JOURNALIST: And in terms of jobs, you know, you’ve spoken pretty extensively here and before about wanting the Hunter to be the home of, you know, industries like this. How do you see it in, say, 10, 15 years’ time when these sorts of things are on the ground?

MINISTER CONROY: Well, I see more and more jobs in the Hunter for the defence industry. We’ve got such a skilled workforce here. They’re incredibly experienced. They’re not just doing mining and heavy manufacturing but defence. Like, we built modules for the air warfare destroyers here. We built mine sweepers here. And we’re doing great work now. There’s a great success story about how the life of the Boeing Classic Hornets was extended through skilled workers here. And, as I said, the work here, the work that’s being done down the road at the stealth codings facility, I see more and more jobs in the defence industry for the Hunter not just for Williamtown. I don’t want to offend Meryl, but in my own electorate we’ve got some great companies.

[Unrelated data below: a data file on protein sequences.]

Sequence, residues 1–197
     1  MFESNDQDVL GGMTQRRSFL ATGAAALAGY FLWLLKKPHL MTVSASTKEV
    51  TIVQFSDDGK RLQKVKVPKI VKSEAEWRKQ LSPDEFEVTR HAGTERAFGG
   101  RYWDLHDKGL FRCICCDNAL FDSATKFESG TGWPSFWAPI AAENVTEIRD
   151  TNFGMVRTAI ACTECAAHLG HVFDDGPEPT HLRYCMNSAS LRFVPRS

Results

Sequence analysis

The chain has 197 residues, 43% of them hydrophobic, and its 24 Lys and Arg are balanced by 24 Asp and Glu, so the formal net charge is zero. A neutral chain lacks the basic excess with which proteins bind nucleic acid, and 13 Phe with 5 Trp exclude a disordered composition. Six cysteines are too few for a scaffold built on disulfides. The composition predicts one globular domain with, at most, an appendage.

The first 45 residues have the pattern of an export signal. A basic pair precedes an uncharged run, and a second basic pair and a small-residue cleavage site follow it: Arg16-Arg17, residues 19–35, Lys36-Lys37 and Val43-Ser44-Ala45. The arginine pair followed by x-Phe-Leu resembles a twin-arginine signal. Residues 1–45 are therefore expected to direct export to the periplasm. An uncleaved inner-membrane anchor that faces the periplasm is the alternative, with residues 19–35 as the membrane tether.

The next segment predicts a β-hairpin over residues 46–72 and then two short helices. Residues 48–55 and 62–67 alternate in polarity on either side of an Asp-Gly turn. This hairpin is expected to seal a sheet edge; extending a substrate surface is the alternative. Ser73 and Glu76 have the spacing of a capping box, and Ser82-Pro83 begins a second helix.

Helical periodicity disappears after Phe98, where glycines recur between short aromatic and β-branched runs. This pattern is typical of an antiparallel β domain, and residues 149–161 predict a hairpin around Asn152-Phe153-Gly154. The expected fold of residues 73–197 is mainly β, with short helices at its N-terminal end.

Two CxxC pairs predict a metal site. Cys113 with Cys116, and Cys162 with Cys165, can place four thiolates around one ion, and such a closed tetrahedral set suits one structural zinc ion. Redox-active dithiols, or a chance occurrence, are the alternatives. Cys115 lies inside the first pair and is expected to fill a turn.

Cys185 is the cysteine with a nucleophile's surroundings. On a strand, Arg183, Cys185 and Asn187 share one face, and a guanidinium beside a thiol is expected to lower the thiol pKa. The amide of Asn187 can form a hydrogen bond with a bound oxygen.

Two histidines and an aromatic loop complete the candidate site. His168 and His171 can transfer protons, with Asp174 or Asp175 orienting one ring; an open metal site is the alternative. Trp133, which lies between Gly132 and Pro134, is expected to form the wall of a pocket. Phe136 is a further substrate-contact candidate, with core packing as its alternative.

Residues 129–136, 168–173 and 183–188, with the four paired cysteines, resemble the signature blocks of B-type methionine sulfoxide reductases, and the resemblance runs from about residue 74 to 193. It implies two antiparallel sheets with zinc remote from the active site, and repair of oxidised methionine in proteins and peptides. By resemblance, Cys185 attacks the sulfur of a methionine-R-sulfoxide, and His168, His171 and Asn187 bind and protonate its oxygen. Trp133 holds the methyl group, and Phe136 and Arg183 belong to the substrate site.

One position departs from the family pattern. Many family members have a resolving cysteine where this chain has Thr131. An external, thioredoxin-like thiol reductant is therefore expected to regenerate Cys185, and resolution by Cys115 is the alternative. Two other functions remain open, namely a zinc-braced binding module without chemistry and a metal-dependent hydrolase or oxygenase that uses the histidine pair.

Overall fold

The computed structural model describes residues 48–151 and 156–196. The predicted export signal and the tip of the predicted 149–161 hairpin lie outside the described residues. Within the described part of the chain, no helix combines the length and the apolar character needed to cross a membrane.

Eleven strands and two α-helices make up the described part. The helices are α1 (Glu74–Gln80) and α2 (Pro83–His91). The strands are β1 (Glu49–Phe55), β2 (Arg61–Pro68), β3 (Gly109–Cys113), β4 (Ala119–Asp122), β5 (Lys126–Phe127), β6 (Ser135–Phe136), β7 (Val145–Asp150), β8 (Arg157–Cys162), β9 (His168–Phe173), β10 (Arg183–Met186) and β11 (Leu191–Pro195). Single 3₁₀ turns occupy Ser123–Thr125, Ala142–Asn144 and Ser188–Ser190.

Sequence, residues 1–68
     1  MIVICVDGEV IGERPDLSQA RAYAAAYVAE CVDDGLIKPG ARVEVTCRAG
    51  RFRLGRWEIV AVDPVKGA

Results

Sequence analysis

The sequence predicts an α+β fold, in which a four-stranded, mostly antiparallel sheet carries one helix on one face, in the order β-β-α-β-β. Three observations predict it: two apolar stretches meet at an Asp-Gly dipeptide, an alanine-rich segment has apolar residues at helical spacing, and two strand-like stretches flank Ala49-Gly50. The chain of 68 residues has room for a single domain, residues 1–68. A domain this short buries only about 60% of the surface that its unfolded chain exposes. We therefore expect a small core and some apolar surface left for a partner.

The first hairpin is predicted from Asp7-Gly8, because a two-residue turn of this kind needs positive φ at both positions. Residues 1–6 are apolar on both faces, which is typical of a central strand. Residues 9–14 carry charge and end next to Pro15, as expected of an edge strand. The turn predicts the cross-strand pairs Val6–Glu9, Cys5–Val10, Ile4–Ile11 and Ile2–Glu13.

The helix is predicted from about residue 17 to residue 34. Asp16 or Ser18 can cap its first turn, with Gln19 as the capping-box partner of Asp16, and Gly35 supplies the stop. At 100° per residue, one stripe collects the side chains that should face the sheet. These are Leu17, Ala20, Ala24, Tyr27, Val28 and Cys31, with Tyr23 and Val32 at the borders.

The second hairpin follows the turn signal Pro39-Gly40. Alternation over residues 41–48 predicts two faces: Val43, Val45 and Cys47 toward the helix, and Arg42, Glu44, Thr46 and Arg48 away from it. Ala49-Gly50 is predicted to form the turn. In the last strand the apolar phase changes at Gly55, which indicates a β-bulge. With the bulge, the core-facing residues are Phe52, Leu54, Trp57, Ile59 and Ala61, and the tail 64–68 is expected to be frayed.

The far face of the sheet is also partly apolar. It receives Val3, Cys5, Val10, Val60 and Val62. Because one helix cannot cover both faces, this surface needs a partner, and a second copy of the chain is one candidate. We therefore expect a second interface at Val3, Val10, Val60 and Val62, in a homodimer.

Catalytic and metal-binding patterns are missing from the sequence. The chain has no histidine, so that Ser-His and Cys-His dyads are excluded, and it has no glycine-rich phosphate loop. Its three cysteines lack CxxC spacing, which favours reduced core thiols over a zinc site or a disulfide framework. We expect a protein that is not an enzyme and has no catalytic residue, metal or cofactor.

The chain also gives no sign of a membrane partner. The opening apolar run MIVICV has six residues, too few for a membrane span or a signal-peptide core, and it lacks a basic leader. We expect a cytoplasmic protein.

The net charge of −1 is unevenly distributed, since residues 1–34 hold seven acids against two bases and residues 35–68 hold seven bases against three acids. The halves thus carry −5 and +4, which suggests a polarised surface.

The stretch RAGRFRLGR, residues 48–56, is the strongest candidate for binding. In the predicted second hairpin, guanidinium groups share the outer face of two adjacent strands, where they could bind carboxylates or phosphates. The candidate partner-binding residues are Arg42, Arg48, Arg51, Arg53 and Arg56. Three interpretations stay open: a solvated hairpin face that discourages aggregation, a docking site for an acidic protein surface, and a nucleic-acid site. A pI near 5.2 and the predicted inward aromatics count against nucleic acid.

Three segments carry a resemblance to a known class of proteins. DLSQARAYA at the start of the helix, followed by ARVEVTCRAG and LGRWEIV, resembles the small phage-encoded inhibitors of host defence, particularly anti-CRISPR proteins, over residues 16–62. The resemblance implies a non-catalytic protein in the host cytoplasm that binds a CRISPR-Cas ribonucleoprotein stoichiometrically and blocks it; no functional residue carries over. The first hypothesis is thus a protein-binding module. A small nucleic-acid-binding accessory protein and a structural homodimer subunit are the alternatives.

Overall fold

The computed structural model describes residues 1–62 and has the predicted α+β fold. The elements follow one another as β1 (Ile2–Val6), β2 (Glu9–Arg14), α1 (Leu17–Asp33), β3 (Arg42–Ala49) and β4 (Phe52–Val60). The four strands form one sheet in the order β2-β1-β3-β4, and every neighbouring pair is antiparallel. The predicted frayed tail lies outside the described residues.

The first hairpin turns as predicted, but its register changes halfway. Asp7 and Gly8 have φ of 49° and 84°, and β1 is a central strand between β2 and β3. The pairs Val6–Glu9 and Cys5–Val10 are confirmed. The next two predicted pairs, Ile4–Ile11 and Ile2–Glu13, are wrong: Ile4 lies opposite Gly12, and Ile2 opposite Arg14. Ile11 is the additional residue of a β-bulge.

MERYL SWANSON: We want them all, Pat. No, we’ll share. We’ll share.

MINISTER CONROY: We’ve got Nupress Engineering that’s working on components for missiles right now. I’ve got 3ME that’s electrifying Bushmaster protected mobility vehicles. We’ve got thousands of workers in the Hunter defence industry, and I can see that growing day by day, week by week.

JOURNALIST: With Anzac Day, we’re preparing to reflect on the legacy, for instance, that the Royal Australian Air Force has in our region. What do you think the legacy will be in years to come?

MINISTER CONROY: Well, I think it’s always very careful to be respectful and not draw comparisons between solemn remembrance ceremonies like Anzac Day and current threats. But I think one of the things that’s always struck me is we never want to see those sacrifices having to be made again. And I’m enormously grateful, as is everyone in this nation, for the sacrifices of over 100,000 Australians who fought and died for our country. And we never want to see that happen again. And the best way of avoiding that is investing in our defence to deter aggression. And I think that that is what the Albanese Government is doing right now by record investments in our Defence Force, because the best way of deterring future conflicts is projecting strength. And that’s what we’re doing right now.